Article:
The Leadership Assessment Key by Wassim KarkabiExecutive Assessment, Featured, Leadership Saturday, January 15th, 2011
When an employer approaches an Executive Search firm to engage them in an assignment to finally hire a leader at executive level, he typically has a number of expectations of that search firm, and that list can be quite loaded in terms of process, deliverables, and particularities. In any Executive Search assignment the required result is one, to hire the right person, that will exceed the expectations of the organization and drive it forward, and remain in that role long enough to bring back value to the organization which first poured value into him or her, while boarding.
If we go a little deeper into the different deliverables we identify a number of other items that are included in what is expected of a search firm and those are: 1) the actual search and name identification process 2) the ability to engage executives at that level 3) an assessment process that is streamlined and covers the candidate requirements, 4) due diligence and reports 5) candidate evaluation reports 6) on-boarding and coaching services 7) and sometimes even a market findings reports with a variety of content. The list can go into more detail as you delve into each one of those areas.
Probably the most important of all of these, and probably the single most important differentiator between executive search firms today is not the ability to search the market and identify names, as that is not rocket science, nor to write in an appropriate language a report that will impress that employer to hire a specific candidate. The differentiator is in the assessment. A consultant’s ability to first of all understand the client’s requirements and flexibilities and then eventually transfer that understanding into an assessment mechanism that ensures that the delivered candidates have been screened, interviewed and assessed properly vis-à-vis the employer’s requirements, is likely to be the single most important part of the whole service. This part unfortunately is not done by an organization, but rather by one individual in an organization, that single individual who has been chosen by the client to conduct and run the search and assess the people. The client has to trust the ability of that person to understand the role and assess the candidates accordingly. So, the single differentiator amongst firms comes down at the end of the day to the capabilities of a consultant or partner.
So when I get asked what makes one executive search firm better than another, my answer always is: “the consultant”. In this business, and specifically when it comes to these deliverables that require the input and intellect of the individual consultant or partner, the brand, product and capabilities of the individual are sometimes much more important than those of the organization.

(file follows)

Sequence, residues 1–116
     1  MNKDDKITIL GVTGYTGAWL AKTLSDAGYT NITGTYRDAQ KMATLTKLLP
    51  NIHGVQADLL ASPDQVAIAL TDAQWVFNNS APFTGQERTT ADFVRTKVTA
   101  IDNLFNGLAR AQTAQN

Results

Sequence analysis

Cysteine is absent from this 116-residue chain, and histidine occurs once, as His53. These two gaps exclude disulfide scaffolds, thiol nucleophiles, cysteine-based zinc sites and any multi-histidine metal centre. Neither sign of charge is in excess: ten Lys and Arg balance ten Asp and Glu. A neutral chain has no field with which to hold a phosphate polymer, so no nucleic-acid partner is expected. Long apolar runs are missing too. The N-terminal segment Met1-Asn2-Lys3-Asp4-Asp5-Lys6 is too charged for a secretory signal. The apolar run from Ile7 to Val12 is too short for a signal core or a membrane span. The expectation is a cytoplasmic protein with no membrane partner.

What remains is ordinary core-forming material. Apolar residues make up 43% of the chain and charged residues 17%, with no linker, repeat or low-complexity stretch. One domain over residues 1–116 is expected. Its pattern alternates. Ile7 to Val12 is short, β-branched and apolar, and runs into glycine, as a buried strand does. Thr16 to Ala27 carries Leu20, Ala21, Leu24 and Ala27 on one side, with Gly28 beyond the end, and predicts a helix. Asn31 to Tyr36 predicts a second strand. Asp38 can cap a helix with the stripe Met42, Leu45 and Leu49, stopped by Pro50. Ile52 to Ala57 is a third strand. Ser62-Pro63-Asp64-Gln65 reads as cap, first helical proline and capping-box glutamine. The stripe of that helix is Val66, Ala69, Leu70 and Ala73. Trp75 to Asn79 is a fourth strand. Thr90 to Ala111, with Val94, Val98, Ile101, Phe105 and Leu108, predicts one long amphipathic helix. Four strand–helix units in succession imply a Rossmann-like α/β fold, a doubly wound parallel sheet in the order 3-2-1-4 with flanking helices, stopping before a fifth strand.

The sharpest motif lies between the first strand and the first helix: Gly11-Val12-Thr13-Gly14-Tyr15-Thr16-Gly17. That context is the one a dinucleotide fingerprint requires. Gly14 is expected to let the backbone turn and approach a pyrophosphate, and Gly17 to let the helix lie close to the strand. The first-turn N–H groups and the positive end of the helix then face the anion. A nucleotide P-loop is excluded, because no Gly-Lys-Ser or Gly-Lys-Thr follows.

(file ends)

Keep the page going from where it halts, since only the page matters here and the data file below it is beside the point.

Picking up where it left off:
Of course it helps that the organization would have put standards and best practices, relevant to the brief collection and assessment process. Those best practices, procedures and standards must impress on the consultant to follow through on specific items when conducting assessments, both in the macro and the micro sense. While employer preferences vary, and legal norms related to discrimination also vary between countries, some key elements remain the same, and I would like to focus on the Macro part of the assessment.
In essence the structure of the assessment will need to cover two areas: 1) a CV based interview and assessment and 2) the CB interview and assessment. While it is obvious that CV refers to the technicalities of the role, the experiences, and history of works, performances, and achievements of the individual over their lifetime, the CB refers to the Competency Based (CB) or Behavioral part of the interview. They can both be as important, but typically the weight of the CB assessment is usually higher than that of the CV, and grows gradually as the role becomes more senior, and starts to be more and more involved in leading people, rather than performing tasks. I am not sure who coined the phrase “you will get hired for your hard skills, and will get fired for your soft skills”, but at senior level, this is an absolute truth.
While considering a candidate for a role can depend on whether that candidate actually can speak in grammatically correct language, despite the candidate’s ability to perform the elements of the job correctly, other candidates already selected may be let go six-months after hire or in a worst case scenario, longer than six months, due to the fact that they are unable to integrate culturally and behaviorally with the organization’s culture. Employers need to remember that the real cost of a bad hire, discovered long after the hire, can cost the organization an exponential amount far and beyond the cost directly related to the compensation and benefits of that individual. The real cost is scary, but that is a totally different subject altogether.
As a conclusion, it is important that employers choose their executive search consulting firms properly, explore their best practices and standards in candidate assessment, and meet in person and be comfortable that the consultant they will be working with can bring on board the required understanding needed to conduct proper technical screening and behavioral interviews at executive and leadership levels. Leadership Assessment is the key differentiator for a sustainable hire at executive level in a full turnaround executive search assignment.